Montrose Nonprofit Serves Western Colorado Veterans And Families

Nov 11, 2014

On Thursday mornings about 50 veterans meet at the Warrior Resource Center in Montrose. 

They come here to have a cup coffee and maybe a donut. But mostly they're here to mingle with others who served in the military.

The veterans here span many generation and many wars. Some served during World War II and Korea. Others fought in Vietnam and the Middle East. And they represent every branch of the military.

David Adams did three tours in Iraq. He retired from the Army in 2007 due to a back injury. 

David Adams is an Army veteran who served in Iraq.
Credit Laura Palmisano

Adams says he tries to come here every week.

"I’m probably one of the youngest veterans in here, but its fun to sit with them and talk with them and listen to their stories and they listen to my stories too," he says.

After coffee Adams sticks around to use one of the center’s other free programs.

"I like to come and go to the group therapy sessions," he says. "And we talk about a lot of things that are more personal stuff that if you don’t want to talk about while drinking coffee with guys you don’t have to. You can go in there and express your feelings and get a little more deeper with an actual social worker."

Adams suffers from Post Traumatic Stress Disorder.

"The group therapy that we do really helps me with the PTSD and it helps me to come in and talk with other vets that have PTSD also," he says. "And, we can share our problems and we come to find out we are not all that different. We have a lot of the same problems even though there’s such an age gap between me and the others."

Arlene Bercier served in the Army and Air Force, but she’s new to the Warrior Resource Center.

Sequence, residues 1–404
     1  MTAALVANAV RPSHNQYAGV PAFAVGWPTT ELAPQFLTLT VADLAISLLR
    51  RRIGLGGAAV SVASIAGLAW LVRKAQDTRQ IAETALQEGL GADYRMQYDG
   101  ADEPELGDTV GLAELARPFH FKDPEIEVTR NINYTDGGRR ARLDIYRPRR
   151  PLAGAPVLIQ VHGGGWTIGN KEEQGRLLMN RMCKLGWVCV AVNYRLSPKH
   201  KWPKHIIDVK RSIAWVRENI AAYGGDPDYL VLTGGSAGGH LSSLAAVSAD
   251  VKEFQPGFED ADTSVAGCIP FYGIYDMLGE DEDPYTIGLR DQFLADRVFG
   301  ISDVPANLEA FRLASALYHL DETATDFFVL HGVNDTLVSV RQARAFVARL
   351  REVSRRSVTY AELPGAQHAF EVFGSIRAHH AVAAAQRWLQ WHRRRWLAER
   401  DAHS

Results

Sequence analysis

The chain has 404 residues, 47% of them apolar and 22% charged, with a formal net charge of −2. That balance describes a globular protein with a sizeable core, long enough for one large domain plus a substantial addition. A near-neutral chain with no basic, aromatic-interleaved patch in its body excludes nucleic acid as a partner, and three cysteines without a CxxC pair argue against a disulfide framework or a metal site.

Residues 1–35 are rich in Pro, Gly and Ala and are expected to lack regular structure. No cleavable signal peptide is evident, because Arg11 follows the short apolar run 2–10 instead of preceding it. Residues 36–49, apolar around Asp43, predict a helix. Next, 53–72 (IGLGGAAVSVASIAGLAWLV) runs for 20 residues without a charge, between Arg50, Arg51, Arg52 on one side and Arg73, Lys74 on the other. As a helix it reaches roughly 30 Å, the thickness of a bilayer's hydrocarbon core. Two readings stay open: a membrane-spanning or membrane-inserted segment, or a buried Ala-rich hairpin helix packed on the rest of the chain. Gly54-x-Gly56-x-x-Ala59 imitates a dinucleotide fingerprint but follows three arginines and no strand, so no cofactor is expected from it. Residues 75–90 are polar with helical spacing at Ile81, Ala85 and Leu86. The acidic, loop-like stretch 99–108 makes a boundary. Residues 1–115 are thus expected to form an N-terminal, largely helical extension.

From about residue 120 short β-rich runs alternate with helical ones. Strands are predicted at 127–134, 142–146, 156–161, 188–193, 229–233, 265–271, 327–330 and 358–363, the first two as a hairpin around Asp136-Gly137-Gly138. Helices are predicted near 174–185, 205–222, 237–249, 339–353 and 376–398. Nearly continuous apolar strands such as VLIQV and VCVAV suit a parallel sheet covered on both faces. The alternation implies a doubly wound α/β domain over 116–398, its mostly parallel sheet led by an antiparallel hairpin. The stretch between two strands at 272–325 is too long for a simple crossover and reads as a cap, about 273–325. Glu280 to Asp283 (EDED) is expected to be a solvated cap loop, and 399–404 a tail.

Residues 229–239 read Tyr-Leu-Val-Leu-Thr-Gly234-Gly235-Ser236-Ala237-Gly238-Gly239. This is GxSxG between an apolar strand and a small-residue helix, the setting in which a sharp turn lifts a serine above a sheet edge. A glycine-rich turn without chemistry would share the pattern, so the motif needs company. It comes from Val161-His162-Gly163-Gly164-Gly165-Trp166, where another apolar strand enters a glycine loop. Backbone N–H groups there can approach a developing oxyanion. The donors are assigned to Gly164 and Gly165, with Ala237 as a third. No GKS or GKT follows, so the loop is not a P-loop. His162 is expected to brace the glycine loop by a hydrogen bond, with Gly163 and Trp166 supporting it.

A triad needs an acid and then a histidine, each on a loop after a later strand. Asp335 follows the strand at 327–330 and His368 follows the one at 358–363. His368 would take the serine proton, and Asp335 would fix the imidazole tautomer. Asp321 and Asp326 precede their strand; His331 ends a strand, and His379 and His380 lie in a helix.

Arlene Bercier is an Army and Air Force veteran.
Credit Laura Palmisano

Bercier recently moved to the area from Phoenix and wants to get to know fellow veterans.

"The connections that I am making are giving me the opportunity to not only get to know Montrose better but to get a better feel of the community that I’m now living in," she says.  "And, I think feel better about being here and not being so isolated." 

Bercier also plans on taking advantage of some of the center’s other resources.

"I’ve only been here a couple of months and I need a job," she says. "I will be working with them to help me put together some different resumes."

The Warrior Resource Center is part of Welcome Home Montrose.

Welcome Home Montrose calls itself the first privately funded nonprofit in the country to offer these services to veterans and their families.

Emily Smith is the center’s executive director. Her husband is in the Army. He served in Iraq and Afghanistan.  

And in addition to running the place, Smith uses some of its services. She meets with other veterans’ spouses to talk about how tough military marriages can be.

"I think every marriage is difficult," she says. "There’s ups and downs when any two people try to share everything in life. And with veterans they came home very different then how they left.

Smith says she finds security and strength in talking to fellow military spouses.

"I have a place that I can go and ask question," she says. "I have a place to go if I need to cry. I have amazing women that are so strong and I’m grateful to be able to be apart of it."

Although it’s been open only two years, Welcome Home Montrose currently serves about 700 registered veterans.

Smith and an assistant are the center’s only employees. Most of the programs are run by volunteers.

David Adams, the young Iraq war veteran, says he feels fortunate to have center in his community.

"It means a lot to me in the fact that this a volunteer program...and that they’re here to help us veterans," he says. "That’s what they are here for, veterans."